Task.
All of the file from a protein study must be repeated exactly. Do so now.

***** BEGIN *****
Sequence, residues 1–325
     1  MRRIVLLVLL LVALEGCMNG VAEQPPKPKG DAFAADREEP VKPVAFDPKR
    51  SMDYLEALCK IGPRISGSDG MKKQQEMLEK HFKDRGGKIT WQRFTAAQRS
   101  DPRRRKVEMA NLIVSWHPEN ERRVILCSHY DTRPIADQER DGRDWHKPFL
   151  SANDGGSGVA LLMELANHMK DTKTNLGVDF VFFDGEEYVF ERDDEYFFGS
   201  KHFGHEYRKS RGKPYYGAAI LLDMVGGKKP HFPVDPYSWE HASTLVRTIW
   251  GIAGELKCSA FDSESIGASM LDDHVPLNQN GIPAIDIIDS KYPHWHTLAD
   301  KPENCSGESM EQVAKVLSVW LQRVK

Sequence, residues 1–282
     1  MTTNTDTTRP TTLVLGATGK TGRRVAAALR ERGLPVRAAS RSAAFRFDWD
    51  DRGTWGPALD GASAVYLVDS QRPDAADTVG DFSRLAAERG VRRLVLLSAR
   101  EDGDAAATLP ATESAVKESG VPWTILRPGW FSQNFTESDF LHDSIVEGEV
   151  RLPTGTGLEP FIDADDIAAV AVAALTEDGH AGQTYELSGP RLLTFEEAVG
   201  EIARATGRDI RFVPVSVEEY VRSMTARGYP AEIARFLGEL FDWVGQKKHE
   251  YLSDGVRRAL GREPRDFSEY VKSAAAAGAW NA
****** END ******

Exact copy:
Sequence, residues 1–325
     1  MRRIVLLVLL LVALEGCMNG VAEQPPKPKG DAFAADREEP VKPVAFDPKR
    51  SMDYLEALCK IGPRISGSDG MKKQQEMLEK HFKDRGGKIT WQRFTAAQRS
   101  DPRRRKVEMA NLIVSWHPEN ERRVILCSHY DTRPIADQER DGRDWHKPFL
   151  SANDGGSGVA LLMELANHMK DTKTNLGVDF VFFDGEEYVF ERDDEYFFGS
   201  KHFGHEYRKS RGKPYYGAAI LLDMVGGKKP HFPVDPYSWE HASTLVRTIW
   251  GIAGELKCSA FDSESIGASM LDDHVPLNQN GIPAIDIIDS KYPHWHTLAD
   301  KPENCSGESM EQVAKVLSVW LQRVK

Sequence, residues 1–282
     1  MTTNTDTTRP TTLVLGATGK TGRRVAAALR ERGLPVRAAS RSAAFRFDWD
    51  DRGTWGPALD GASAVYLVDS QRPDAADTVG DFSRLAAERG VRRLVLLSAR
   101  EDGDAAATLP ATESAVKESG VPWTILRPGW FSQNFTESDF LHDSIVEGEV
   151  RLPTGTGLEP FIDADDIAAV AVAALTEDGH AGQTYELSGP RLLTFEEAVG
   201  EIARATGRDI RFVPVSVEEY VRSMTARGYP AEIARFLGEL FDWVGQKKHE
   251  YLSDGVRRAL GREPRDFSEY VKSAAAAGAW NA